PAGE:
MathOverflow is a question and answer site for professional mathematicians. Join them; it only takes a minute:

Sign up
Here's how it works:
  1. Anybody can ask a question
  2. Anybody can answer
  3. The best answers are voted up and rise to the top

This is a question I asked on math.stackexchange without success.

Let $p$ be a prime number and denote by $\mathbb{F}_p(1)$ the one dimensional vector space over $\mathbb{F}_p$ endowed with an action of $G:=Gal(\bar{\mathbb{Q}}_p / \mathbb{Q}_p)$ via the mod $p$ cyclotomic character.

We have a nice description of the vector space $H^1(G, \mathbb{F}_p(1))$ given by the Kummer isomorphism $H^1(G, \mathbb{F}_p(1)) \simeq \mathbb{Q}_p^* / \left(\mathbb{Q}_p^*\right)^p$.

Is there also a nice description of $H^1(G, \mathbb{F}_p(n))$ where $n$ is any (positive) integer? (here $\mathbb{F}_p(n)$ is just $\mathbb{F}_p$ with the action of the $n$-th power of the mod $p$ cyclotomic character)

share|cite|improve this question
The correct generalization of the Kummer isomorphism may be the one given by the Bloch-Kato conjecture (aka Theorem of Rost-Voevodsky - Merkurjev-Suslin) which relates Galois cohomology and Milnor K-theory: for a field $F$, $H^n(G_F,\mathbf Z/\ell\mathbf Z(n))\simeq K_n(F)\otimes \mathbf Z/\ell\mathbf Z$. See the book by Gille and Szamuely for a first introduction. – ACL Jul 31 '13 at 18:21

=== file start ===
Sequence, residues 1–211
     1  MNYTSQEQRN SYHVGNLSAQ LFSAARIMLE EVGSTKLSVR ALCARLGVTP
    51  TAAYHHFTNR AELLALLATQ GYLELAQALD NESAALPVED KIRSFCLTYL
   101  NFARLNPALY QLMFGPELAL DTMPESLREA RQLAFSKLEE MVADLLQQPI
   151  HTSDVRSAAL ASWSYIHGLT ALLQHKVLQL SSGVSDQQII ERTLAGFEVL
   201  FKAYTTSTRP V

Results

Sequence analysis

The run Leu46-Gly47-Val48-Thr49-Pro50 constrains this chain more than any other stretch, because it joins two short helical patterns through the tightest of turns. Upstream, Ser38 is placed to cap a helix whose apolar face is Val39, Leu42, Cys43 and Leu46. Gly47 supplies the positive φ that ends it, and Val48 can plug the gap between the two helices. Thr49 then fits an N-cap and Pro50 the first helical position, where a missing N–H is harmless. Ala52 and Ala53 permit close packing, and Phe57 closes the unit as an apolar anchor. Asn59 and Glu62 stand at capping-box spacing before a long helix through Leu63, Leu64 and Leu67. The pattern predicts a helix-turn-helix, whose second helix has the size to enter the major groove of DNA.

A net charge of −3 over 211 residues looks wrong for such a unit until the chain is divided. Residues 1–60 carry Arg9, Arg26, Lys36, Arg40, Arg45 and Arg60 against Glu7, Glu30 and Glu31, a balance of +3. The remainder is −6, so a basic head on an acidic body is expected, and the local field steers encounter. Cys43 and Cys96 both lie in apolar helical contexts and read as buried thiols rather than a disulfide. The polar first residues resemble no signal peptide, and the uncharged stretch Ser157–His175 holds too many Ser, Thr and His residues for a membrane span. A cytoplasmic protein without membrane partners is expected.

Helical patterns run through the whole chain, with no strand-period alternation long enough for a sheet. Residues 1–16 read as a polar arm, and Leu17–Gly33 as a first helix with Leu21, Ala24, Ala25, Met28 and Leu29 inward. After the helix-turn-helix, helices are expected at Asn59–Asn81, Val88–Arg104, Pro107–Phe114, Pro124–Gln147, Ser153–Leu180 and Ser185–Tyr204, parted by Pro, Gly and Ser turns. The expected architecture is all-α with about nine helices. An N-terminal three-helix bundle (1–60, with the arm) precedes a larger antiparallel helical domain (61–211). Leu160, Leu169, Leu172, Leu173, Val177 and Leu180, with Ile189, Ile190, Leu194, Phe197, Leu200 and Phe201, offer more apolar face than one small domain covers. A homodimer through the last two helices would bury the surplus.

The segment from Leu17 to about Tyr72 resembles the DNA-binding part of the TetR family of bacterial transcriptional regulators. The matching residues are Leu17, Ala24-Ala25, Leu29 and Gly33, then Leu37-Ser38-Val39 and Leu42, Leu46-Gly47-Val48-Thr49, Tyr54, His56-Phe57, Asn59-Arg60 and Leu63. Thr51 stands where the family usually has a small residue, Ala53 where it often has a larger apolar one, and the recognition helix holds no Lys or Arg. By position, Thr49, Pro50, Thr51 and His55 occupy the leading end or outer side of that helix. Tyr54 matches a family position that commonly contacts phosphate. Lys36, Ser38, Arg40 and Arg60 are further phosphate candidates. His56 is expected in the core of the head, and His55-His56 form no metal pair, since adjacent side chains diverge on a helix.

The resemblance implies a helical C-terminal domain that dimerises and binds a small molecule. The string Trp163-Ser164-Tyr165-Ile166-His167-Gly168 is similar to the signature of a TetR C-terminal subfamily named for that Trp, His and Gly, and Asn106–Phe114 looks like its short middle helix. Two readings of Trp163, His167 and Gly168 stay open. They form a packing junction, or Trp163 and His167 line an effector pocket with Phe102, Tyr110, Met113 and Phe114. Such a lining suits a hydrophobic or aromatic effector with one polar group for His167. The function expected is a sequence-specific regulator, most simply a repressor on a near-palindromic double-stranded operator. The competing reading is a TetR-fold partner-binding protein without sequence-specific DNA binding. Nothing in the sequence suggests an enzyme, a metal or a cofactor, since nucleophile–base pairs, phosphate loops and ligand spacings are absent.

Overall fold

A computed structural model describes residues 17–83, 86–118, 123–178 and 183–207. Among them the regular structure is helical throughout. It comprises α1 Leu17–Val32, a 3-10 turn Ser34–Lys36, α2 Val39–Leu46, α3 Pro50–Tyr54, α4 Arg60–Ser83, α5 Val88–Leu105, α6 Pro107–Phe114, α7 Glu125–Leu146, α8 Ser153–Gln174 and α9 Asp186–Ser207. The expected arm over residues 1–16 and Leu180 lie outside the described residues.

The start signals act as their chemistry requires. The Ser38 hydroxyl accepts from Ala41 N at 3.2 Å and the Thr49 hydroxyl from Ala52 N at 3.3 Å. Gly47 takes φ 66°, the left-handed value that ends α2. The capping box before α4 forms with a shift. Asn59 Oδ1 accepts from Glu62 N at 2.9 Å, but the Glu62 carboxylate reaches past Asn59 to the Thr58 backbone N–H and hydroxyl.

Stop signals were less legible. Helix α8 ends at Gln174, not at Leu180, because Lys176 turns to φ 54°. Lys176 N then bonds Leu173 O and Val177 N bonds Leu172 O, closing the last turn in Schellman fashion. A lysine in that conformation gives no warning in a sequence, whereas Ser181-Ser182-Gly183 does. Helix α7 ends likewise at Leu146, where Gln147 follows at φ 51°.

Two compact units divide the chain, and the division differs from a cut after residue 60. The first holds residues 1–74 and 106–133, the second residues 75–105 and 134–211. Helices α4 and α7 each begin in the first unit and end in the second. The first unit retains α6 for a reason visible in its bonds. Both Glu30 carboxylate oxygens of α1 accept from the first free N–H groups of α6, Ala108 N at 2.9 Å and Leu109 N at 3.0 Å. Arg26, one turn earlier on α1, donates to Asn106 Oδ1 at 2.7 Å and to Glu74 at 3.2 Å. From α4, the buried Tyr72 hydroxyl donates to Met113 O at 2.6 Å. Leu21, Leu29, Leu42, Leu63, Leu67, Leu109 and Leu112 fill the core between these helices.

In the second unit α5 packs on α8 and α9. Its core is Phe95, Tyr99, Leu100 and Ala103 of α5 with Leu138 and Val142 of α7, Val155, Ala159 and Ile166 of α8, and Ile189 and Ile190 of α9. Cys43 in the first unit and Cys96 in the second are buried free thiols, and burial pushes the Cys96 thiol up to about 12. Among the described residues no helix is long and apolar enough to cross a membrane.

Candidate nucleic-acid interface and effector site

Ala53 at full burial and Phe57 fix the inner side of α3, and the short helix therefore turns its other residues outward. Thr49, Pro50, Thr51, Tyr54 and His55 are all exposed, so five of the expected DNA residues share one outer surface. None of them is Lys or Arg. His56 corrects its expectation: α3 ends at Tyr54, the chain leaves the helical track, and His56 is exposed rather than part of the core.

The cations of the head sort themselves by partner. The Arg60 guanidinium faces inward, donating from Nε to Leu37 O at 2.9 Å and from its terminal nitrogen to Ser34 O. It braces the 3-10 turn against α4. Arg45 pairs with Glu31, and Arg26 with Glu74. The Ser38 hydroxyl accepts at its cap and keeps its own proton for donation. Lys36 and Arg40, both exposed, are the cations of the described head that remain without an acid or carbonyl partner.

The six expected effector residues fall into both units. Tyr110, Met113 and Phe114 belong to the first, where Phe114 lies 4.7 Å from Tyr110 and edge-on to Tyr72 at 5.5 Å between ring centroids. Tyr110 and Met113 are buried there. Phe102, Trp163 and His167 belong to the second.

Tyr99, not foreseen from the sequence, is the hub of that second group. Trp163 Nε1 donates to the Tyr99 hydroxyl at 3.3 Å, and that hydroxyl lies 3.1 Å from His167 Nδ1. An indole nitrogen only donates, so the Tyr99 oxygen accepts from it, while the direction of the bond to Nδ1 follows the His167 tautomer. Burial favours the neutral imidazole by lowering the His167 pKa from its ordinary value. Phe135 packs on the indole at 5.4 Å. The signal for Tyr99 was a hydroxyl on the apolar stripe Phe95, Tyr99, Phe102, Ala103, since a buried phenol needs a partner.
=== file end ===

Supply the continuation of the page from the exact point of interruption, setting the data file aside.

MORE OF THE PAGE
up vote 6 down vote accepted

It depends what you mean by "nice". There is, to the best of my knowledge, no such easy explicit description of $H^1(G,F_p(n))$ if $n \neq 0,1$. If $n=1$, it's Kummer theory as you have described. If $n=0$, the $H^1$ is the group of homomorphisms of $G$ into $F_p$, so it boils down to local class field theory.

In general, you can compute the dimension of $H^1(G,F_p(n))$ using the argument suggested by Timo Keller.

If you were looking at $H^1(G,Q_p(n))$ instead of $H^1(G,F_p(n))$, then you'd still have the "explicit" description as above, but in addition for $n \geq 2$, you'd have the Bloch-Kato exponential map, $exp_{Q_p(n)}$ which is (for $n \geq 2$) an isomorphism between a certain $1$-dimensional vector space $D_{cris}(Q_p(n))$ and $H^1(G,Q_p(n))$. This map is however not naturally "integral". This is typical of $p$-adic Hodge theory: as the "weight" increases, you have to replace simple integrality properties by more complicated $p$-adic analytical properties.

Another direction would be to use the theory of $(\phi,\Gamma)$-modules. The elements of $H^1(G,F_p(n))$ can then be seen as pairs of elements of $F_p[[X]][1/X]$ satisfying certain properties.

share|cite|improve this answer

See [Neukirch-Schmidt-Wingberg], Cohomology of Number Fields, 2nd edition, p. 400, Proposition (7.3.10).

The idea is to directly calculate $H^0$, deduce from duality $H^2$ and then calculate the local Euler-Poincaré characterstics.

share|cite|improve this answer

Your Answer


By posting your answer, you agree to the privacy policy and terms of service.

Not the answer you're looking for? Browse other questions tagged or ask your own question.